Facebook Home is coming. It’s a unique threat to Google’s mastery of Android that Google can blame nobody but itself for. It’s the unique nature of the threat — both Home’s technical foundation, and the nature of Facebook’s rivalry with Google — that I believe makes Home the first real test of Google’s “open” mantra regarding Android.

There have been many challenges to date, but most of them involve “forks” of the Android system: where another company builds their own system on top of a previous Android release. Amazon’s Kindle Fire, Barnes and Noble’s nook, and Samsung’s rumored / assumed proprietary fork are all notable examples of Android derivatives. None of these to date have looked poised to take Android away from Mountain View anytime soon. Samsung, with its market share momentum and marketing prowess, could stand to be a significant threat, but for now its flagship products still run Google’s “stock” Android, more or less.

Horace Dediu put it plainly:

Facebook Home can only reside on Android because only Google was daft enough to allow it.

I’d add “for now.” Now we get to see how true to its ethos Google and Android stay. How long will Home remain on the Google Play store? How often, and how mysteriously, will it have “compatibility issues” with new releases? How long before launchers in general start to get buried under convenient categorization?

At the least, I expect an increased emphasis from Google on the virtues of “stock” Android, and an increased push to make that consistent for consumers. This is already underway on both OEM and developer fronts, but Facebook’s lurking presence will force the issue that much harder.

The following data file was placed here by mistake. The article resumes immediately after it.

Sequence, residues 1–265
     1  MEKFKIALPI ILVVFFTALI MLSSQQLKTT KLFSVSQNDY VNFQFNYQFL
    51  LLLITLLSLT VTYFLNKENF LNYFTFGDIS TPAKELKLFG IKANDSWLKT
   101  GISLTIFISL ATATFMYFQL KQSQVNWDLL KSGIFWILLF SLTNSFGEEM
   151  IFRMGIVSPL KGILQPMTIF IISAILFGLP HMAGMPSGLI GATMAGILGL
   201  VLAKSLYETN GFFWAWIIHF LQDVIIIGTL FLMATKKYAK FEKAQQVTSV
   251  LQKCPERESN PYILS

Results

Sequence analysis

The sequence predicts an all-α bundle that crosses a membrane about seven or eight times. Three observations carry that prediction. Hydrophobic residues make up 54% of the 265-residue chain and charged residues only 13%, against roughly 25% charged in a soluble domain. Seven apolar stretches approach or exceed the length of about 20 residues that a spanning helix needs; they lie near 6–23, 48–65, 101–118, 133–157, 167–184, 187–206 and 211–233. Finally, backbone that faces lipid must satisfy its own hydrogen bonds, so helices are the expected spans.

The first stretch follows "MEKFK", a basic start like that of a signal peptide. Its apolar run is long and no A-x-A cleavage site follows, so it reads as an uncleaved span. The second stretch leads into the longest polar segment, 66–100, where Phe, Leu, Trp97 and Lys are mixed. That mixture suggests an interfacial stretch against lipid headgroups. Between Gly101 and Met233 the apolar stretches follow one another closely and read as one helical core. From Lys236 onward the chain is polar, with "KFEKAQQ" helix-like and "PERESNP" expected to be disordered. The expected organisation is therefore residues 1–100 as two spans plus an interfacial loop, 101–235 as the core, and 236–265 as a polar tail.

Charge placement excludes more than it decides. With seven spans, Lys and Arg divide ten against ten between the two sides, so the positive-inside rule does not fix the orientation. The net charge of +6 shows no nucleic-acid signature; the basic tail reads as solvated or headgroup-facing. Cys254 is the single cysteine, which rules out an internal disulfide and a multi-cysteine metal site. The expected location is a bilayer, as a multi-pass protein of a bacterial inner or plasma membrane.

Home’s to-be-determined success could also force Apple’s hand. Such a product is neither technically nor legally feasible on iOS at the moment, and Facebook’s integration into iOS 6, while powerful, is much less than Facebook Home provides on Android, and thus presumably much less than Facebook wants on iOS. As I said last week, if too many consumers start considering Facebook Home a deal breaker, Apple may need to make some moves of its own. How many consumers that is, and whether they’ll in fact get on board, remains to be seen. All of this just underscores what’s at stake for everyone — Facebook most of all. With just one announcement, Facebook has made itself a strategic stakeholder in the mobile landscape. It’s no longer just a website and an app.

Google knew what it was doing when it made and marketed Android as an “open” system. It surely anticipated forks by handset makers as a manageable risk as long as Google kept advancing the system. But I wonder if it expected something like Facebook Home: an inside-out heist, made by a company after the same exact user data and advertisers Google is after. How it chooses to respond in the near future should give us an answer.